Fans the NFL in Alabama may have heard about football legend Tony Dorsett and 4,500 other former players reaching a settlement in their class-action lawsuit against the league. The 59-year-old Dallas Cowboys star said he was viewing with guarded optimism the agreement on health care for the brain injuries known as a concussion. He told a newspaper that he was glad to see the plaintiffs and league get something done but was concerned that the settlement arrangement might not be enough for former players.
Birmingham residents may be interested to learn of a new study that uses fruit flies to see how the human brain responds to traumatic injury. The information can apply to victims of car and motorcycle accidents, athletes, people who fall and hit their head, or just about any situation that involves a hard impact to the head.
While automobile accidents and other events very often cause obvious injuries, such as lacerations and broken bones, they can also result in less visible injuries that may be even more damaging. Traumatic brain injury, also called TBI, can cause amnesia, headaches, trouble with balance and similar symptoms. However, TBI can also lead more subtle problems, particularly changes in personality. Those who suffer these changes might not notice them until a little later on in the healing process, but they can cause great distress and make returning to pre-accident life much more difficult.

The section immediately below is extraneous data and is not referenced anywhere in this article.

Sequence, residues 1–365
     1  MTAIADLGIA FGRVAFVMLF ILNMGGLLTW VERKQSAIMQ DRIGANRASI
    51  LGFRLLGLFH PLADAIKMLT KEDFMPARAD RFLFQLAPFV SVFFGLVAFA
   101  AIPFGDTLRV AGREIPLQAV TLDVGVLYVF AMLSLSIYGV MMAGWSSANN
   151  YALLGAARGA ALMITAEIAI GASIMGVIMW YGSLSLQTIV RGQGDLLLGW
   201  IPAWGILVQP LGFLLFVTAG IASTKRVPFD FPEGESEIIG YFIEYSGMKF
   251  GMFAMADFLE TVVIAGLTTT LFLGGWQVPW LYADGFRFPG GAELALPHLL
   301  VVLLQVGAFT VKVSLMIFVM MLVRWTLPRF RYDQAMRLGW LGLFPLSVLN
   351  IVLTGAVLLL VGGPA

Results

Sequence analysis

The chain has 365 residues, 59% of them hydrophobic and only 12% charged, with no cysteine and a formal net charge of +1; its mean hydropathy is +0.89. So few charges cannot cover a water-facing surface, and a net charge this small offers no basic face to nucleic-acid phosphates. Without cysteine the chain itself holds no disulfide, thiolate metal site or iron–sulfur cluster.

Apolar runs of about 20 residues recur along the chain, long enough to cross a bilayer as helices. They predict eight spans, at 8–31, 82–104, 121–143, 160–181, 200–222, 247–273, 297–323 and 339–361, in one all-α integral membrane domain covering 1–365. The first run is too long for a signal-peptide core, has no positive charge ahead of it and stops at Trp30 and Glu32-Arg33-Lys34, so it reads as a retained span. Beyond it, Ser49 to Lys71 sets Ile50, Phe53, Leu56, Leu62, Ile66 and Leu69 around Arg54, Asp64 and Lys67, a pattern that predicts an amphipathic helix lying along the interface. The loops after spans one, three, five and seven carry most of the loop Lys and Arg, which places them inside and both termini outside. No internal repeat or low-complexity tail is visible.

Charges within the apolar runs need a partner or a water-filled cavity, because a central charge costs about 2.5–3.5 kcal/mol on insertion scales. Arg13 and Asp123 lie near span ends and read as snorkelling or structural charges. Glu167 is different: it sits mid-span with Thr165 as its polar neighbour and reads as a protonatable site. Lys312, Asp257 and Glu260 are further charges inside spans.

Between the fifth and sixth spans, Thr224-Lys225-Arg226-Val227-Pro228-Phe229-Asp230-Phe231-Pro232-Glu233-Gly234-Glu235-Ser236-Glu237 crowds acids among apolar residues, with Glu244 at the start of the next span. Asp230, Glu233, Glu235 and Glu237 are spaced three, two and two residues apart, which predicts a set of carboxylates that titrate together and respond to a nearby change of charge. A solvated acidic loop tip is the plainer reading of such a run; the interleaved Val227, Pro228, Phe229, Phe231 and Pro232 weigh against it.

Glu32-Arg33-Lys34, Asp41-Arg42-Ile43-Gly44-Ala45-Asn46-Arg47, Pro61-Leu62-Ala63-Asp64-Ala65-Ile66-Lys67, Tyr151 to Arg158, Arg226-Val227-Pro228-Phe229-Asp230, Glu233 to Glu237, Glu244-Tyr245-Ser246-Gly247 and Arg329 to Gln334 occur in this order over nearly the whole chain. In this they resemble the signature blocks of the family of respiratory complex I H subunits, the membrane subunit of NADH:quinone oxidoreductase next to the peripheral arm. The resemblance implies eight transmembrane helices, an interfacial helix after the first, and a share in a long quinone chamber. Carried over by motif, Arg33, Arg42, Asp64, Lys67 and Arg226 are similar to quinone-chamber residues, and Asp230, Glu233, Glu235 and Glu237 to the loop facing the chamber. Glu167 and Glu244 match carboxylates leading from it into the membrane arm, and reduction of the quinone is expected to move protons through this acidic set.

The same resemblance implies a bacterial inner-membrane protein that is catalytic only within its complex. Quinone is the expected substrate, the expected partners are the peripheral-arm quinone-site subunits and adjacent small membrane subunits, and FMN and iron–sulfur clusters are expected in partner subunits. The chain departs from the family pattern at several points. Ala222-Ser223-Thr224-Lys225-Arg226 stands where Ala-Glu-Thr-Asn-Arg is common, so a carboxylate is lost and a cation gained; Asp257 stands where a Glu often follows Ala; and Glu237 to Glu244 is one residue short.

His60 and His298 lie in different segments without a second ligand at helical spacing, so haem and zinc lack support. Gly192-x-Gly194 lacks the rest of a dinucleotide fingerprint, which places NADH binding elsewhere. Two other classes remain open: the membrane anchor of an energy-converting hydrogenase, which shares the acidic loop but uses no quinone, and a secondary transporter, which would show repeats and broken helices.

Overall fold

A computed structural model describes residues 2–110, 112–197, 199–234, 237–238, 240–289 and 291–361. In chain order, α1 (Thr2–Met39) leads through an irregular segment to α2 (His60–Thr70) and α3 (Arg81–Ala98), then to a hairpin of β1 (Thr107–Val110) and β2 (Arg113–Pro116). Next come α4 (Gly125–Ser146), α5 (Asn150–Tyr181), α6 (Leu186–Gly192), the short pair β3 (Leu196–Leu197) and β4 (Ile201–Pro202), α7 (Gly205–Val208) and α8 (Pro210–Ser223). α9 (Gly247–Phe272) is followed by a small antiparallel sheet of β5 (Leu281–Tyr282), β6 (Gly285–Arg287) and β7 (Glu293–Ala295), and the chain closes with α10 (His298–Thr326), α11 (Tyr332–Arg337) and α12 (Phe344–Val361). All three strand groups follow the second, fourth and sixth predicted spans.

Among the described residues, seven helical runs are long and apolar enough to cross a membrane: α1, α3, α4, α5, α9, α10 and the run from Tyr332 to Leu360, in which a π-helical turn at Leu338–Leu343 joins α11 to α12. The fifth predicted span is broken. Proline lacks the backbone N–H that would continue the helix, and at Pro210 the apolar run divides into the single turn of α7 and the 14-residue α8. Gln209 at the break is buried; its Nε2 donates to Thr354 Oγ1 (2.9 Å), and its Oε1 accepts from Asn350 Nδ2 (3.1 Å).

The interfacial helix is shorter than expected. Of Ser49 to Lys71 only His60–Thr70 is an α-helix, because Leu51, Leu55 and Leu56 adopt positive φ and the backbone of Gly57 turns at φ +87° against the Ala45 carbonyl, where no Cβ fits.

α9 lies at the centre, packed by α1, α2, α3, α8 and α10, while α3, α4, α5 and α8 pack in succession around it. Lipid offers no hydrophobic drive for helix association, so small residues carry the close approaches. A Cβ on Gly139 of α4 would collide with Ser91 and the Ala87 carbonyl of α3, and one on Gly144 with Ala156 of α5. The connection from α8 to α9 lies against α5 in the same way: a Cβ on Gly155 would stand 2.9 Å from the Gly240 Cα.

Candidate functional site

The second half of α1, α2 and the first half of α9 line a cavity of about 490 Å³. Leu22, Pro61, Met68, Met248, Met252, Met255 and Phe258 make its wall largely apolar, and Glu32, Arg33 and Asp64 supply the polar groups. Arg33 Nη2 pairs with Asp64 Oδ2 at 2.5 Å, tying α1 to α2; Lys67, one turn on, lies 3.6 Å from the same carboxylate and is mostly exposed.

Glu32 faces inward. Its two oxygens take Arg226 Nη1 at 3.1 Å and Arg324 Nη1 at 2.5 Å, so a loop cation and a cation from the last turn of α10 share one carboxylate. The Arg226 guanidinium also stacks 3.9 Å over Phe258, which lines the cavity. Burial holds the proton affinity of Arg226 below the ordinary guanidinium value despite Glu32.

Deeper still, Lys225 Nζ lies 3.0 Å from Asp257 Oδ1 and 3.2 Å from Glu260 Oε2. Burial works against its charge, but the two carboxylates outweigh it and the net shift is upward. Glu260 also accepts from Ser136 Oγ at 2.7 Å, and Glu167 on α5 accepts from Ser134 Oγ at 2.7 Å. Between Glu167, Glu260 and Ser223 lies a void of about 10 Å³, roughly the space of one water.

Alabama readers might take an interest in a study published Aug. 2, 2013 in Annals of Emergency Medicine. The results of the study revealed that the longer a child remains under observation in the emergency department for minor blunt head trauma, the likelihood that the child will require a CT scan decreases.
Alabama residents who have suffered a stroke may be interested to learn that individuals who have suffered from traumatic brain injuries are more likely to suffer from a stroke. Researchers in Taiwan discovered an association between the two brain injuries after searching through hospital records in 2011.
October is official National Brain Injury Awareness Month and provides a good opportunity to take a moment to better understand brain injuries and how those with brain injuries are impacted. Each year an estimated 1.7 million Americans are impacted by a brain injuries. Of these, approximately 52,000 will die.